She’s a veteran herself, having lost her legs during combat, and she was under consideration to be Biden’s VP before the nod went to Harris. She’s a no on Austin — that is, a no on granting him a waiver from the rule that requires a former officer to have been retired from service for seven years before becoming defense secretary.
But she’s a yes on confirmation, assuming Austin gets the 60 votes he needs in the Senate for that waiver. Last night I wrote that we may be headed for an odd scenario in which Republicans, not Democrats, provide the bulk of the votes in granting Austin a waiver and then Democrats, not Republicans, provide the bulk of the votes to confirm. Dems don’t want to sink Biden’s nominee, especially the would-be first black SecDef in U.S. history, but they also want to be kinda sorta consistent with their objections to granting a waiver to James Mattis in 2017. Republicans, meanwhile, want to signal their opposition to Biden’s nominee but they also want to be kinda sorta consistent with their support for the Mattis waiver. And Republicans tend to be more comfortable with having generals or former generals in influential government positions than Democrats are.
So we may end up with a weird bipartisan two-step. The GOP gets to show that it’s pro-military by supporting the waiver and then that it’s anti-Biden by voting against Austin. Democrats gets to show that they support civilian control of the military by opposing the waiver and then that they’re pro-Biden and pro-diversity by confirming Austin. All Biden needs is a few crossover votes from each party on each of the two votes to make it happen. Duckworth thinks he’s going to get them.
— Andrea Mitchell (@mitchellreports) December 9, 2020
.@SenDuckworth: "…But I expect that the process will be very smooth and I've actually offered to help him go through that process myself because I do think he is an excellent officer." (2/2) #AMRstaff
— Andrea Mitchell (@mitchellreports) December 9, 2020
Chuck Schumer was asked about a waiver for Austin and said he’d have to “study” the issue but added, “Bottom line is that Austin’s a very good nominee and we’ll figure out where to go from there.” Hmmm. Biden himself introduced Austin at a press conference today, acknowledging there’s a “good reason” for the seven-year rule. “I would not be asking for this exception if I did not believe this moment doesn’t call for it,” he continued. But that’s just the thing. Does this moment call for it?
I reluctantly supported a waiver for Mattis in 2016 because Trump was a threat to Constitutional governance domestically and the liberal order internationally. Thankfully, Biden is neither, so the circumstances don't support a waiver.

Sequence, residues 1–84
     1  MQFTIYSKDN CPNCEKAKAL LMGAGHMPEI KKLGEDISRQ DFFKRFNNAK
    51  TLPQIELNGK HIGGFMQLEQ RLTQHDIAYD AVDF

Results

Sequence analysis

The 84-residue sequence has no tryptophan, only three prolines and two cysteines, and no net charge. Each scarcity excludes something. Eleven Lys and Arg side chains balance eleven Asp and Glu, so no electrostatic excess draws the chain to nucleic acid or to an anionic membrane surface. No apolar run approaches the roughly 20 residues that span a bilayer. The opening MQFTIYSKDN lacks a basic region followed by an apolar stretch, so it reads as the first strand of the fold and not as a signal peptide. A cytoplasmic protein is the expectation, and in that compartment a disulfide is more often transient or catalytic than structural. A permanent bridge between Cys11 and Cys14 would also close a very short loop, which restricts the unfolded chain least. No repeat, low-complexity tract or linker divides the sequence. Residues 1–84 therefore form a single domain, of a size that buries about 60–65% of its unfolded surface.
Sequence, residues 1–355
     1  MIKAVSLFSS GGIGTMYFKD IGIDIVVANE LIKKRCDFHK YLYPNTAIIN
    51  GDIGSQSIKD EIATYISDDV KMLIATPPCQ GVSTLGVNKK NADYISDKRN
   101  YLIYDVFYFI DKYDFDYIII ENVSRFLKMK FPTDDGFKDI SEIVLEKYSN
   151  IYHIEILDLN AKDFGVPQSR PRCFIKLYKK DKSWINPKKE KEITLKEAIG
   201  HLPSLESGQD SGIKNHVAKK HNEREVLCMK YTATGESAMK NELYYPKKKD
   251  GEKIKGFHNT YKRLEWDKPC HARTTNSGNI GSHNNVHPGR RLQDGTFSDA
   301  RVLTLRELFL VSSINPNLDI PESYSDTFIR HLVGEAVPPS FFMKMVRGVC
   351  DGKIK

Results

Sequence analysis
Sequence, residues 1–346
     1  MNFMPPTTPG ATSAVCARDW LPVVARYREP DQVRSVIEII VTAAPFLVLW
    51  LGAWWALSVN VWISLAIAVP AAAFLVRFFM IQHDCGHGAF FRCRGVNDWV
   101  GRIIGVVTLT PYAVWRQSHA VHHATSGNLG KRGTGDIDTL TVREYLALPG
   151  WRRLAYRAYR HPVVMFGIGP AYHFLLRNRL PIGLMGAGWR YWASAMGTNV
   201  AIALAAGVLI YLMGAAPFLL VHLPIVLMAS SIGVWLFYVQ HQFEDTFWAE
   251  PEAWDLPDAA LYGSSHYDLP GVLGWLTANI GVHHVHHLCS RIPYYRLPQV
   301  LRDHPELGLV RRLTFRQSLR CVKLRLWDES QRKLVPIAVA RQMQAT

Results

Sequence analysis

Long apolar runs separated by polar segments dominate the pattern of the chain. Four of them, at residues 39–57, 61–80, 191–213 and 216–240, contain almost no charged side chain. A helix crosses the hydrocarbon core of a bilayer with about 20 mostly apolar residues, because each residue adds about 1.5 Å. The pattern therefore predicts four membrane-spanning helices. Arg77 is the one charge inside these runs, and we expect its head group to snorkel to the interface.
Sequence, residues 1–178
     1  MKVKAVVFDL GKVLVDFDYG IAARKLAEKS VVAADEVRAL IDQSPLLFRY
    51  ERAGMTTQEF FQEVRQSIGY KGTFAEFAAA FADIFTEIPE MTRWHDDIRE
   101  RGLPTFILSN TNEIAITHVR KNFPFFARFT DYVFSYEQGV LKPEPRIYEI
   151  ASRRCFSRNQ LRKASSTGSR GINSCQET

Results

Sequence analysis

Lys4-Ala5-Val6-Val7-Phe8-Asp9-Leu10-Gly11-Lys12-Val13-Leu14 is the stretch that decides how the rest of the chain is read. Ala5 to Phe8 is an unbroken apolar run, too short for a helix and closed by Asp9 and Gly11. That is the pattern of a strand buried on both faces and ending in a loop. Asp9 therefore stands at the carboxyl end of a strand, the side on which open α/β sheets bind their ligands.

— Kori Schake (@KoriSchake) December 9, 2020
There are two new critiques of Austin circulating. First, while he’s a fine officer, he’s not known for his communication skills. Rather the opposite — he’s famous among those who know him for saying as little as possible, not necessarily the best attribute in someone serving in Washington in a political role. “[R]unning the Pentagon is one of the world’s hardest management jobs; it requires communications skills hard to learn on the fly,” notes David Ignatius. The more substantive criticism, though, has to do with the nature of Austin’s service. As the former U.S. commander in Iraq and head of CENTCOM, he’s just the sort of man you’d want at the top of the Pentagon if you expect your foreign policy to be focused on the Middle East.
But what if you don’t?
In particular, national security experts raised concerns about Austin’s lack of experience handling what many consider to be the most pressing challenge facing the United States for years to come: an increasingly aggressive China.
“This suggests quite loudly to me that Biden doesn’t take hard power, and the China military threat as seriously and urgently as we need to,” said Elbridge Colby, a former defense official and a lead author the 2018 National Defense Strategy that laid out the Pentagon’s pivot from counterterrorism to great power competition…
“Lloyd Austin has an extremely distinguished military career — but to me that’s not really the issue. What we need is someone who already is at the forefront of thinking and leadership on Asia and China, on aerospace and maritime power, and on technology,” Colby said. “That’s what not Austin’s background brings to the table, and we’re way beyond the point where we can have someone who doesn’t have that.”
“This guy was a recently retired commander for U.S. Central Command, so very well informed on terrorism and operations in the Middle East,” said a former speechwriter for Mattis to Politico. “But how will he be able to shift gears into the much more strategic issue of the Indo-Pacific?” Bear in mind that one of the people on Biden’s short list for the important diplomatic post of ambassador to China also has no experience there: Pete Buttigieg, who at the tender age of 39 would break the mold of U.S. envoys to Beijing. Are Austin and Buttigieg the sort of appointees we’d expect to see from Sleepy Joe if he were taking the threat from China seriously?
Here’s Austin meeting the media at today’s Biden event and promising to approach his job as a civilian, not as a military officer. I suspect he’ll get his waiver.
Austin highlights his “deep appreciation and reverence for the prevailing wisdom of civilian control of our military.”
— Bloomberg Quicktake (@Quicktake) December 9, 2020